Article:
Enzymes are natural catalysts. All metabolism of living organisms is effected by enzymes and the range of reactions involved is incredibly wide.

Food materials are broken down by enzymes internally by animals and externally by micro-organisms (fungi and bacteria). There are three main ranges of enzymes that are of interest to the food scientist; they are amylases that act on carbohydrates, proteinases that act on proteins and lipases that breakdown fats and oils. In biscuit making we may be concerned a little with the amylases in connection with yeast fermentation. We do not make active use of lipases but must be aware that they can cause deterioration in certain circumstances, for example, in the shelf life of nuts or oat flour. We do have a growing interest in the proteinases which break down or modify the flour proteins.

Diastatic malt flour is the normal source of amylase for bakers but proteinases are available as standardised preparations.

For various technical reasons the proteinase obtained from Bacillus subtilis is deemed the most suitable for use in doughs. It is sold either as a stable powder standardised in activity by dilution with a maltodextrin or corn starch, or as a liquid of standardised activity with added stabilisers and preservatives. In sealed containers, under cool dry conditions, the loss of activity is normally less than 10% in one year.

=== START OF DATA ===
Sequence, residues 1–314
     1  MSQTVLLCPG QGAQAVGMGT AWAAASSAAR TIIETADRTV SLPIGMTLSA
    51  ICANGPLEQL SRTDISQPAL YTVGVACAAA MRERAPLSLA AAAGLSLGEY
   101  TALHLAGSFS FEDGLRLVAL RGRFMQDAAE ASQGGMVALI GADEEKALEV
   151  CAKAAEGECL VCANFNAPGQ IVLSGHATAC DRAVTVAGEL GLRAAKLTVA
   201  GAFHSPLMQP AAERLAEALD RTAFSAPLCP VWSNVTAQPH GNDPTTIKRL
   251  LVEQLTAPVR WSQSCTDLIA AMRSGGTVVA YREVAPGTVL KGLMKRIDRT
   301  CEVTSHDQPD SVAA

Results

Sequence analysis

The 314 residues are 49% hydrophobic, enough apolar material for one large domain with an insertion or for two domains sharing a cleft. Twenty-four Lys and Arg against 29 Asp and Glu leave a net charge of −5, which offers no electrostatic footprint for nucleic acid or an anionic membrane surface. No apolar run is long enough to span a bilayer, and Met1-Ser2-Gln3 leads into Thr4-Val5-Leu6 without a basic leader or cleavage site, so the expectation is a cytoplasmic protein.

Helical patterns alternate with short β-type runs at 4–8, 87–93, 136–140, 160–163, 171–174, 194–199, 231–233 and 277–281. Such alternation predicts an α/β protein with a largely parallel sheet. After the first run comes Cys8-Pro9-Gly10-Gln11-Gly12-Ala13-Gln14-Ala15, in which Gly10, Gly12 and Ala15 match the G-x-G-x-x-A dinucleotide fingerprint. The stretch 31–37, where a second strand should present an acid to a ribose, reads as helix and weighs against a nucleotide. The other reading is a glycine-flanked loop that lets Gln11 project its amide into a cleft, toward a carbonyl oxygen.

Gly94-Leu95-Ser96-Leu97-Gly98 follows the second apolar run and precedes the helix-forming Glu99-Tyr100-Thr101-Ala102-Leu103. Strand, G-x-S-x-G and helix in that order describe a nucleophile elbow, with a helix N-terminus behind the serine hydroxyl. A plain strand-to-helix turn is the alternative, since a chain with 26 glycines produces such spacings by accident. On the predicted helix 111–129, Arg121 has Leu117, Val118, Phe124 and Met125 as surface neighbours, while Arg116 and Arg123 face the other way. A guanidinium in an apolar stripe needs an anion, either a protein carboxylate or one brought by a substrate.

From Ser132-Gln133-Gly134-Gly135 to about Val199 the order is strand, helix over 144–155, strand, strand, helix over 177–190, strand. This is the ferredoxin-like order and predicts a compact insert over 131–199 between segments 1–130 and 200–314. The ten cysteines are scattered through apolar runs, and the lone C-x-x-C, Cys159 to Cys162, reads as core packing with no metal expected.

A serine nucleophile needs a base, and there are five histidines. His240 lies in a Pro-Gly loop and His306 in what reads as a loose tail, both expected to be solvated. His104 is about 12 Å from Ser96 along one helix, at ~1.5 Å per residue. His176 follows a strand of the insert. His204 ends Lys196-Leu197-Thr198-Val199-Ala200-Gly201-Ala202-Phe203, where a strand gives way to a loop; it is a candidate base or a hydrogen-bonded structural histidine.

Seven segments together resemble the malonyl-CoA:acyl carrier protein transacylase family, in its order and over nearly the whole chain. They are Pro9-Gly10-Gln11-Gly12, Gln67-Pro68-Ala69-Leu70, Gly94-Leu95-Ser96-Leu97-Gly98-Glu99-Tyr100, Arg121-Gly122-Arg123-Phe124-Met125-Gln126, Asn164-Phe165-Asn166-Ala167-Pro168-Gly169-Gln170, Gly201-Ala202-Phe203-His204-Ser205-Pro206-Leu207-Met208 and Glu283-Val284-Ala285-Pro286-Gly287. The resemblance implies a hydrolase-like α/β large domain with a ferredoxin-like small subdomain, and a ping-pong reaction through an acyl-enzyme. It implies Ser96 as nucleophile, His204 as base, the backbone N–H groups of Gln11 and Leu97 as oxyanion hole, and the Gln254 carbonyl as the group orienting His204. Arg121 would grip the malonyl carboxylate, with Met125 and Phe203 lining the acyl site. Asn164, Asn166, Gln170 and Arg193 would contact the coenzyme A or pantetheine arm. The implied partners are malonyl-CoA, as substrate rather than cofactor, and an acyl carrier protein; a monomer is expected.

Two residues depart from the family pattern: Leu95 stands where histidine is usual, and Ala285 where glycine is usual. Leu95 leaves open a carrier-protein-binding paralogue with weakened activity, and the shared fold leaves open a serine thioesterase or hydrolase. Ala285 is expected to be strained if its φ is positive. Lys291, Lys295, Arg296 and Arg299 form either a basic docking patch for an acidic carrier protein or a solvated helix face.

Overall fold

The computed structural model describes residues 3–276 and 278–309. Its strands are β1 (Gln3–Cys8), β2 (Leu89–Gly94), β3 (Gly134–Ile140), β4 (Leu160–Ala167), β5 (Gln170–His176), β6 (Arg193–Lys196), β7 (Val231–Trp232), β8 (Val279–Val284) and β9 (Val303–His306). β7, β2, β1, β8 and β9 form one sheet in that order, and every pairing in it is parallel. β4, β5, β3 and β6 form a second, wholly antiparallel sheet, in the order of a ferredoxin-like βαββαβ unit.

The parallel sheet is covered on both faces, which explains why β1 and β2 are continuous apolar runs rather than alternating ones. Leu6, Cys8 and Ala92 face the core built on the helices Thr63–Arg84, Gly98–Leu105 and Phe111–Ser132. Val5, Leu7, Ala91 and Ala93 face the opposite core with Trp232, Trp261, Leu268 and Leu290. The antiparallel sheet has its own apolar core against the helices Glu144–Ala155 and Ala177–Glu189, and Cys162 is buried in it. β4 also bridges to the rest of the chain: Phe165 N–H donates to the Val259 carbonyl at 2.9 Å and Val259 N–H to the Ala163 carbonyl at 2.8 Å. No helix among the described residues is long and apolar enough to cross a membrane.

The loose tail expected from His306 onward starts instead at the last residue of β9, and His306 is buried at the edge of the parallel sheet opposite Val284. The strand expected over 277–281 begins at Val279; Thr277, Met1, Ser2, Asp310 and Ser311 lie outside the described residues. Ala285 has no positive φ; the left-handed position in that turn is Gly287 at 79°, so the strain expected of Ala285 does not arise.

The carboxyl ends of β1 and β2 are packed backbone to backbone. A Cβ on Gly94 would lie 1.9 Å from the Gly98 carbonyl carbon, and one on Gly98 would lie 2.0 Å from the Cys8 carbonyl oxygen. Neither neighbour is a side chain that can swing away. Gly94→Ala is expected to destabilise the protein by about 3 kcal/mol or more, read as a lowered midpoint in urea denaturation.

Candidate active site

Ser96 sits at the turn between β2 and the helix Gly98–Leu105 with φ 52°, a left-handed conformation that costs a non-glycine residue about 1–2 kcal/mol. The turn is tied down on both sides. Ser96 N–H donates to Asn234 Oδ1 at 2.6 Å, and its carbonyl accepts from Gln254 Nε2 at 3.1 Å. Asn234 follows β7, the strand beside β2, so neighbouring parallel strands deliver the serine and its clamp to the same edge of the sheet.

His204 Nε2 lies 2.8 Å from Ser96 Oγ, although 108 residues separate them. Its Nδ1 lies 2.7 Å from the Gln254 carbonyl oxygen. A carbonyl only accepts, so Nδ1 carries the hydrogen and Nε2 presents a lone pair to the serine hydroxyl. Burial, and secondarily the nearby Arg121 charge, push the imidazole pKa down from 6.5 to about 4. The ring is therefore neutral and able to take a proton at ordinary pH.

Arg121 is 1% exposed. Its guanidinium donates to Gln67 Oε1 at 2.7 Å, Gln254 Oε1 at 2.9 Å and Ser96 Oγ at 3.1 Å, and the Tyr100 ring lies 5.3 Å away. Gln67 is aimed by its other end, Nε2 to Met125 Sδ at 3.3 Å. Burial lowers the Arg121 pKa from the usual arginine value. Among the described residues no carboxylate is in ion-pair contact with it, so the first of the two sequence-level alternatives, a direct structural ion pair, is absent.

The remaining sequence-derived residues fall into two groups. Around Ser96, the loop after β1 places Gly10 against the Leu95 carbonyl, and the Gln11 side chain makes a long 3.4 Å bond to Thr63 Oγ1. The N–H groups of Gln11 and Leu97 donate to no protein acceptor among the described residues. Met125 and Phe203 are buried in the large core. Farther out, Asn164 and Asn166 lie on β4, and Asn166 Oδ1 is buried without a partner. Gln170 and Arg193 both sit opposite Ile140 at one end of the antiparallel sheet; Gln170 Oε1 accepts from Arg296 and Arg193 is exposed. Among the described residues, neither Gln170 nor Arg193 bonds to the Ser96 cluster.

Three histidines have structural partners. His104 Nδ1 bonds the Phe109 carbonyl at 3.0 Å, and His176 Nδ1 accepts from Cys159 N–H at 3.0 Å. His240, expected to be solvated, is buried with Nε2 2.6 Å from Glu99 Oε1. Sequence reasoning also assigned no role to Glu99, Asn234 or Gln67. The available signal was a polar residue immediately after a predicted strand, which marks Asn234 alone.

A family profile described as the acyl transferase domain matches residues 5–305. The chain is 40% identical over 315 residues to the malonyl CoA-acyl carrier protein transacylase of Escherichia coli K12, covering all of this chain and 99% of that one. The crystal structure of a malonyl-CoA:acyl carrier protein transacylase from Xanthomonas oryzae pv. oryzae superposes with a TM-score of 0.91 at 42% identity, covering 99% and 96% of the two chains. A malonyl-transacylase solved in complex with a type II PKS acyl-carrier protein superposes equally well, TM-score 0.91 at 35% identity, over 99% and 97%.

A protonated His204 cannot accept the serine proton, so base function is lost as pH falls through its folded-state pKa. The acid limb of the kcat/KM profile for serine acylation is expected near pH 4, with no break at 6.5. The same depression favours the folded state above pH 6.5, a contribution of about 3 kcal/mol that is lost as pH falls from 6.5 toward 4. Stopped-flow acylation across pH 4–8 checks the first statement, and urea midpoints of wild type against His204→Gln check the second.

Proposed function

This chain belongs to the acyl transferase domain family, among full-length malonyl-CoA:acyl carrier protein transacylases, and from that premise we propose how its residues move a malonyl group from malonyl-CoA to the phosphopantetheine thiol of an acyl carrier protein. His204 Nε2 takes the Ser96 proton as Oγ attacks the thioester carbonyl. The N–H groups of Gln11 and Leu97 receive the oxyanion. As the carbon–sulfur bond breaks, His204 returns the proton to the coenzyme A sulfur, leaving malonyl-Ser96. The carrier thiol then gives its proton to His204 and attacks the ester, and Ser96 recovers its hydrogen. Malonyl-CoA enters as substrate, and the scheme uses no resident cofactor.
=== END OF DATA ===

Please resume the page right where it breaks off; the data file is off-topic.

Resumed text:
In the case of the powdered material it is best to disperse it in 4-5 times its weight of water before addition to the dough. The enzyme is readily soluble but in the cases where corn starch is used as the dilutent this will, of course, not dissolve.

By breaking the length of the protein chains in gluten, proteinase enzymes have a similar, but not exactly the same, effect as sodium metabisulphite on the elasticity and extensibility of a dough. Unlike SMS, proteinase continues to act with time and will eventually result in a very short and unmanageable dough. Care with times and temperatures are needed but most particularly in the handling of excess dough such as cutter scrap.

Proteinase has advantages over SMS because it is denatured by heat and being a protein itself has no toxicity problems. Also it does not react with the heat stable vitamins.

Thus, the use of proteinase in dough is to effect reductions in viscosity and elasticity which are desirable for the machining of certain biscuit doughs, especially when flours with gluten which has a high resistance value are used.

Safety aspects of handling proteinase enzymes

Care should be taken when handling proteinase, particularly powders, because inhalation or contact with delicate skin membranes can cause irritations or allergic reaction. The wearing of a simple dust mask is usually sufficient but advice is usually given by the proteinase supplier.